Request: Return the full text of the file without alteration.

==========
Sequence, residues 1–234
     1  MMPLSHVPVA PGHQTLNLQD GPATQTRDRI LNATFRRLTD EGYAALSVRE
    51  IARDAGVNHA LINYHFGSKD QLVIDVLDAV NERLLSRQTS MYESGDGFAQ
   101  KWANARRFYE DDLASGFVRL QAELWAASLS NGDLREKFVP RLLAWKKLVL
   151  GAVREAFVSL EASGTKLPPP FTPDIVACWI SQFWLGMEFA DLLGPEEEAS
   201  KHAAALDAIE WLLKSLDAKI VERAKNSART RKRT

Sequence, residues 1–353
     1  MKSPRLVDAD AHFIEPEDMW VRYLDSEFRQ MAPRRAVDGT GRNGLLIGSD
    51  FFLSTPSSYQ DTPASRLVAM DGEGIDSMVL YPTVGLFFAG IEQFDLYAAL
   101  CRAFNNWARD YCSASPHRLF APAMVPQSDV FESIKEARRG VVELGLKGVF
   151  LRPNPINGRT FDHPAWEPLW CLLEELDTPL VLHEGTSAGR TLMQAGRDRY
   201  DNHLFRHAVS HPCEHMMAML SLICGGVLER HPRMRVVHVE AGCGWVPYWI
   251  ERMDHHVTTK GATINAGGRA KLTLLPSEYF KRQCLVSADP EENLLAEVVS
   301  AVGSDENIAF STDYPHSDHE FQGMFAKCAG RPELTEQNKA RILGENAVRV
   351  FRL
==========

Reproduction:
Sequence, residues 1–234
     1  MMPLSHVPVA PGHQTLNLQD GPATQTRDRI LNATFRRLTD EGYAALSVRE
    51  IARDAGVNHA LINYHFGSKD QLVIDVLDAV NERLLSRQTS MYESGDGFAQ
   101  KWANARRFYE DDLASGFVRL QAELWAASLS NGDLREKFVP RLLAWKKLVL
   151  GAVREAFVSL EASGTKLPPP FTPDIVACWI SQFWLGMEFA DLLGPEEEAS
   201  KHAAALDAIE WLLKSLDAKI VERAKNSART RKRT

Sequence, residues 1–353
     1  MKSPRLVDAD AHFIEPEDMW VRYLDSEFRQ MAPRRAVDGT GRNGLLIGSD
    51  FFLSTPSSYQ DTPASRLVAM DGEGIDSMVL YPTVGLFFAG IEQFDLYAAL
   101  CRAFNNWARD YCSASPHRLF APAMVPQSDV FESIKEARRG VVELGLKGVF
   151  LRPNPINGRT FDHPAWEPLW CLLEELDTPL VLHEGTSAGR TLMQAGRDRY
   201  DNHLFRHAVS HPCEHMMAML SLICGGVLER HPRMRVVHVE AGCGWVPYWI
   251  ERMDHHVTTK GATINAGGRA KLTLLPSEYF KRQCLVSADP EENLLAEVVS
   301  AVGSDENIAF STDYPHSDHE FQGMFAKCAG RPELTEQNKA RILGENAVRV
   351  FRL